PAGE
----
Driving & Disabilities
Driving with Cerebral Palsy

Mobility Independence

Can you drive with CP?

Person with cerebral palsy holding flowersYes, many people with cerebral palsy are able to drive. In most cases, safe driving will require the addition of adaptive devices to assist in operating the vehicle’s primary driving controls (gas, brake, and steering) as well as the vehicle’s secondary driving controls (turn signals, windshield wipers, horn, etc.).

To determine if you are a candidate for driving, a driver rehabilitation specialist can provide a comprehensive evaluation. The assessment should include vision, cognition, perception, motor coordination, functional ability, reaction time, and a behind-the-wheel evaluation. After this assessment, the driver rehabilitation specialist will help you identify what special equipment or accomodations are needed to acheive independent, safe driving.

Adaptive Driving Equipment

Possible Mobility Solutions for a Driver with Cerebral Palsy

Oftentimes, driving with cerebral palsy requires vehicle modifications and adaptive equipment. While every driver is unique, the equipment listed below is frequently used by drivers with cerebral palsy. In addition to these items, there are more products available to help create a safe and comfortable driving experience that is customized for you.

 To help you determine what solution best fits your needs, your driver rehabilitation specialist will likely have different variations of demo equipment for you to try. If a particular product is not available for you to demo, please contact a Creative Mobility Group showroom so we can facilitate a demonstration for you with your driver rehabilitation specialist.

Person driving vehicle with hand cnotrols and spinner knobHand Controls
Hand controls allow the driver to accelerate and brake using hand movements.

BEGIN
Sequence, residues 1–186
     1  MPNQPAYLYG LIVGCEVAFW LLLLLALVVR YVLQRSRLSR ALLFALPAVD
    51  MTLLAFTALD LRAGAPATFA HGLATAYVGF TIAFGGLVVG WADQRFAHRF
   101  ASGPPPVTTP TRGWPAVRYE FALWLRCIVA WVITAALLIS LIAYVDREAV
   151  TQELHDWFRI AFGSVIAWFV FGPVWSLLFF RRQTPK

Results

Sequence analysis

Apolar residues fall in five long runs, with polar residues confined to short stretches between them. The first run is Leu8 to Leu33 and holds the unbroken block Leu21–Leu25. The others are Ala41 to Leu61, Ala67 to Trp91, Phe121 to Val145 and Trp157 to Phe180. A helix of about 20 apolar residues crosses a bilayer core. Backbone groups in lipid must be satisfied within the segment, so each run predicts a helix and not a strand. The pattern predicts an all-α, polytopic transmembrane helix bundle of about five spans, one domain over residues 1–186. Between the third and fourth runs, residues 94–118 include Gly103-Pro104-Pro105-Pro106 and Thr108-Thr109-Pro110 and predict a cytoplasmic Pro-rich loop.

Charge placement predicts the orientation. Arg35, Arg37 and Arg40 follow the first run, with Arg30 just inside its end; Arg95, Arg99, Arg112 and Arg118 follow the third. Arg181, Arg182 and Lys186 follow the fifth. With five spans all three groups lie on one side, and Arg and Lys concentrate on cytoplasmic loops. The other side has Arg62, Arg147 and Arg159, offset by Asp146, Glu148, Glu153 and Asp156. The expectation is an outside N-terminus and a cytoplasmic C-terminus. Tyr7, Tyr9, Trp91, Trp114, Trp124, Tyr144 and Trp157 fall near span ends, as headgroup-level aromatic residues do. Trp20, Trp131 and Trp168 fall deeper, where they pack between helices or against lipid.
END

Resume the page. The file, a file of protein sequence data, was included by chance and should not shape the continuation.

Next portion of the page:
Spinner knob steering device installed on a steering wheelSteering Device
Commonly used with hand controls, a steering device attaches to a vehicle’s steering wheel to provide easier and more comfortable steering.
Left Foot Accelerator
A left foot accelerator allows the driver to accelerate and brake with their left foot while keeping their right foot stationary.

Woman entering Toyota Sienna minivan with turn out seatTransfer Aid
A transfer aid, such as BraunAbility® Turny® Evo, can assist with entering and exiting the vehicle independently.
Woman loading mobility scooter with crane-style lift into a minivanScooter Stowage Lift
If the driver utilizes a mobility aid, such as scooter, a stowage lift can assist with transporting it.
Woman on mobility scooter in front of wheelchair accessible Toyota Sienna with ramp deployedWheelchair Accessible Van
If the driver uses a power wheelchair, a wheelchair accessible van may be needed.


Additional Resources for Driving and Cerebral Palsy

The organizations listed below can provide more resources and information on learning to drive with adaptive equipment for individuals with cerebral palsy. If you’re ready to begin your driver rehabilitation journey, contact The Creative Mobility Group to help you get started!

Logos for ADED - The Association of Driver Rehabilitation Specialists, AOTA - American Occupational Therapy Association, NMEDA - The National Mobility Equipment Dealers Assocation, United Cerebral Palsy, and Michigan United Cerebral Palsy